Are you ready for spring or still enjoying the winter? Either way, it’s time to start thinking about home lawn care again. Last fall we were stressing the importance of maintaining moisture levels in your lawn amidst one of the worst droughts in Minnesota’s history. In case you’ve forgotten, the months of August through November alone saw an eight inch precipitation deficit in the Twin Cities area. This translates to approximately 70% below average precipitation for the fall period. Many other areas of the state, mainly northwestern and southern Minnesota, were in a much worse situation.
Currently, 70 percent of Minnesota is in Extreme Drought or Severe Drought according to the University of Minnesota Climatology Working Group (Spoden, 2013). Fortunately, total precipitation for 2013 is so far above average. The climatology map on the left shows precipitation departures from normal for the first of the year until now. The northwest region of the state has received as much as 2 inches of precipitation above normal. Question: will this help to replenish soil moisture levels? The simple answer is, well, not exactly.
Right now, soils are frozen. Soil frost depths range from 0 up to 60 inches in Minnesota soils, and this takes time to thaw out in the spring. This generally means that precipitation falling right now (frozen soil) does not get absorbed into the soil (or rootzone), but rather promotes the flooding that we experience every spring. Even during slow spring thaws, the surface moisture melt will precede the defrosting of our soils, in which case most of the surface moisture will run off. This means there is potential for spring flooding AND continuation of drought conditions. Depending on your location in the state, you may need to consider preparing for flood or drought, possibly both.
Last spring we saw flooded lawns in many areas of the state. Additionally, the floods near Duluth in June left many homeowners with silt covered turfgrass in need of repair. If your home is in close proximity to any body of water, especially some of our main rivers like the Mississippi or the Minnesota, this may be nothing new to you. However, it’s always good to be prepared for worse case scenario situations.
Consider these tips to help reduce the damage and recover from flooding:
- Sandbag high risk turf areas to reduce the extent of flooding and buildup of silt
- Remove all debris and silt from smothered turf areas as soon as possible
- Smothered turf should be aerated to allow the exchange of oxygen and encourage new growth
- Avoid planting perennial ryegrass, as it is generally less tolerant of flooding than other turfgrass species.
- Consider completely renovating lawns that are not easily repaired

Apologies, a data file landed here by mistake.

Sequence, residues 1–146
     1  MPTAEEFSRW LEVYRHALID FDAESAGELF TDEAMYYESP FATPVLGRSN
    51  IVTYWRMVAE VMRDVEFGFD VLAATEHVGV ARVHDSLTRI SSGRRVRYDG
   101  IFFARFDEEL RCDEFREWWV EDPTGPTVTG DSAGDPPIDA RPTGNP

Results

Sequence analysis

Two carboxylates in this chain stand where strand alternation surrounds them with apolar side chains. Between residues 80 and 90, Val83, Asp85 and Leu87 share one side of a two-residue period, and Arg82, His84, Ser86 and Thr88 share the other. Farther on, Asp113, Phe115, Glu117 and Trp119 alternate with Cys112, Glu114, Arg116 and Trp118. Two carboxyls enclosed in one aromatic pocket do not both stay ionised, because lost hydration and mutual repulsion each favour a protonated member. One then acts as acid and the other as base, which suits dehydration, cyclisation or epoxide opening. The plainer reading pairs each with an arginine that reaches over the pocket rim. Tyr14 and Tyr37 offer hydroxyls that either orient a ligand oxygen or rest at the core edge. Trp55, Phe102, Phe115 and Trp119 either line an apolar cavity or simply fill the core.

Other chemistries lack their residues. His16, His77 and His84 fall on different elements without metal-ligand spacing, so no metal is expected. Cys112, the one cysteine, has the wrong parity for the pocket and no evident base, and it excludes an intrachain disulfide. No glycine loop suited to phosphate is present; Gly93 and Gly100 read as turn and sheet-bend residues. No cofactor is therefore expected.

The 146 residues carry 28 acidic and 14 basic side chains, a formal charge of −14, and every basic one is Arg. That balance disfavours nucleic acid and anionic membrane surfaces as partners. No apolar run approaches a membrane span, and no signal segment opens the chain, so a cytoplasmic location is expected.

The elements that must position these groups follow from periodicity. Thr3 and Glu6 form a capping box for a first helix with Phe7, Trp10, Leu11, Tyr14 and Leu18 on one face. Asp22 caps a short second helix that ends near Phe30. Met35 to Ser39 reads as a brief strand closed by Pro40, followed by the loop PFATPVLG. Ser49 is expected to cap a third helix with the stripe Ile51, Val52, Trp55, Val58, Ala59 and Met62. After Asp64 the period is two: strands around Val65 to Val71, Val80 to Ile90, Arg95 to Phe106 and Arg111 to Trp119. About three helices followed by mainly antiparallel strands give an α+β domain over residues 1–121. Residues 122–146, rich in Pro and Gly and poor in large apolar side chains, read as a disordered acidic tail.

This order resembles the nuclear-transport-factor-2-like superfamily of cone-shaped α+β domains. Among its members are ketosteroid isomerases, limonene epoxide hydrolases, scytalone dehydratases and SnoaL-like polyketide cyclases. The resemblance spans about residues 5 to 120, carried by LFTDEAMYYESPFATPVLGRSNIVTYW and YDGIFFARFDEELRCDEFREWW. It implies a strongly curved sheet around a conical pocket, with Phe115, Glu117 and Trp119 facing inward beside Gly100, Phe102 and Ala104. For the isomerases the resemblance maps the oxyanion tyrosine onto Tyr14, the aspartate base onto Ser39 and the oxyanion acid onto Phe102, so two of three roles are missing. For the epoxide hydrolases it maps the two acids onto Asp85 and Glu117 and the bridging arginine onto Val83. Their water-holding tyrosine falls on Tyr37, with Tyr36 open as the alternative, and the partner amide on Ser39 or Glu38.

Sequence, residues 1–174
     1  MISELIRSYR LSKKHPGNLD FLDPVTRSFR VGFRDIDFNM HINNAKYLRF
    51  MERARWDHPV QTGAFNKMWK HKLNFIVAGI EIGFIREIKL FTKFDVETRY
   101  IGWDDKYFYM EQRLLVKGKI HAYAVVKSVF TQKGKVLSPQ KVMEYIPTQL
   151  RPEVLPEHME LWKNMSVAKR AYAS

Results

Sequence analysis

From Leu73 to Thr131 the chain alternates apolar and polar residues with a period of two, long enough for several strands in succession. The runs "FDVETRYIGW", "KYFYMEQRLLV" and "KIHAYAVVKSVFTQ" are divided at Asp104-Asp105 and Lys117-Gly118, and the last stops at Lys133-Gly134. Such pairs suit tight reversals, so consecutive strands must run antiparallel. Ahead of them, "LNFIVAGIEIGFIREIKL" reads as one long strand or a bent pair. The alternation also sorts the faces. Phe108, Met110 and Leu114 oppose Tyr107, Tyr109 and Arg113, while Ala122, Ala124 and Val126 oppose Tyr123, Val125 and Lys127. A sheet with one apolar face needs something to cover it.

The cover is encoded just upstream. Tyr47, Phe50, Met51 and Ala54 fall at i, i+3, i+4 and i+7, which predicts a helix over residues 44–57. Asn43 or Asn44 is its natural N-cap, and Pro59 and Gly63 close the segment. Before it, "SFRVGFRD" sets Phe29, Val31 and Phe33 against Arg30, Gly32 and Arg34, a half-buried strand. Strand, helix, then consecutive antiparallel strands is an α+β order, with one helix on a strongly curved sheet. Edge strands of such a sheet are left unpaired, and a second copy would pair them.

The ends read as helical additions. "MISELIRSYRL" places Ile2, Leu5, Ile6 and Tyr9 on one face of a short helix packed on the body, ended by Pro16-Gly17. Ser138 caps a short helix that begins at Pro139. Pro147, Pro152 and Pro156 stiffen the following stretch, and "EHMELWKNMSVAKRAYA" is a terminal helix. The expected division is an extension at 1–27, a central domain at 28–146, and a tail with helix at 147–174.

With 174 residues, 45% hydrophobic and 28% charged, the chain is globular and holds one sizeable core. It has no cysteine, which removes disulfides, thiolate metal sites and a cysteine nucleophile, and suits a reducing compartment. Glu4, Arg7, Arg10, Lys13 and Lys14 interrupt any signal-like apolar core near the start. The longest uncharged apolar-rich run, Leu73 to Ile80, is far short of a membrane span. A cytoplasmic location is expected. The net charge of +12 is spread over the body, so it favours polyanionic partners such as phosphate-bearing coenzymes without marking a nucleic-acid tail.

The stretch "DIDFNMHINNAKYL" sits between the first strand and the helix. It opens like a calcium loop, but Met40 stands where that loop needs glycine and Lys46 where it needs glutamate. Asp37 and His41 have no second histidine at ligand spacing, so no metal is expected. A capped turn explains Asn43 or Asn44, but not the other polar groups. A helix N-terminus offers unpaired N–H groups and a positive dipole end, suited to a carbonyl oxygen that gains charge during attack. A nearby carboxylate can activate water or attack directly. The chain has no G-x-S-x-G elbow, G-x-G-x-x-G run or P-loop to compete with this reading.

For more information on repairing spring flooded lawns, please see this Yard and Garden News Update from retired Extension Turfgrass Educator Bob Mugaas:
Drought Stressed Lawns
It seems odd to be discussing both flooded and drought stressed lawns in the same article, but really this is the situation that we are potentially facing this spring. Those of you that maintained sufficient soil moisture levels through supplemental irrigation last fall will be in a much better situation than those that chose to not water. In many cases, even the slightest effort to provide your turfgrass with some moisture can pay big dividends. We also discussed dormant seeding last fall, which can be great practice to improve the quality of your lawn the following spring. If you failed to irrigate and/or dormant seed, unfortunately you might have a lot of work to do this spring.
Proper irrigation practices will be critical to promote a healthy lawn this spring. Consider these irrigation tips for drought stressed lawns:
- Irrigate during the early morning hours to reduce the leaf wetness period which is prolonged by night watering. Avoid daytime irrigation, which has the potential to evaporate quickly and be blown off target
- Water the SOIL, not the canopy
- Monitor daily soil moisture loss through evapotranspiration and replace only what is lost. Follow this link for evapotranspiration values in your location: http://www.soils.wisc.edu/uwex_agwx/sun_water/et_wimn
- Make seasonal adjustments to your irrigation system or watering schedule based on rainfall and temperature. In general, spring and fall watering should be heavy and infrequent, and summer watering should be light and frequent
- Measure the depth of water put out by your irrigation system or sprinkler over a certain time period. This will be important in determining how long to run your irrigation cycle
For more information on proper irrigation practices, please follow these links:
Home irrigation systems: http://www.turf.umn.edu/2012/07/is-your-home-irrigation-system-up-to-par/
Lawn watering practices: http://blog.lib.umn.edu/efans/ygnews/2011/05/post-12.html
Watering lawns and turf: http://www1.extension.umn.edu/garden/yard-garden/lawns/#watering
As always, call or email with questions: firstname.lastname@example.org or 763-767-3518
Spoden, Greg. 2013. Drought Conditions: Update March 7, 2013. Minnesota Climatology Working Group. Online resource: http://climate.umn.edu/doc/journal/drought_2013.html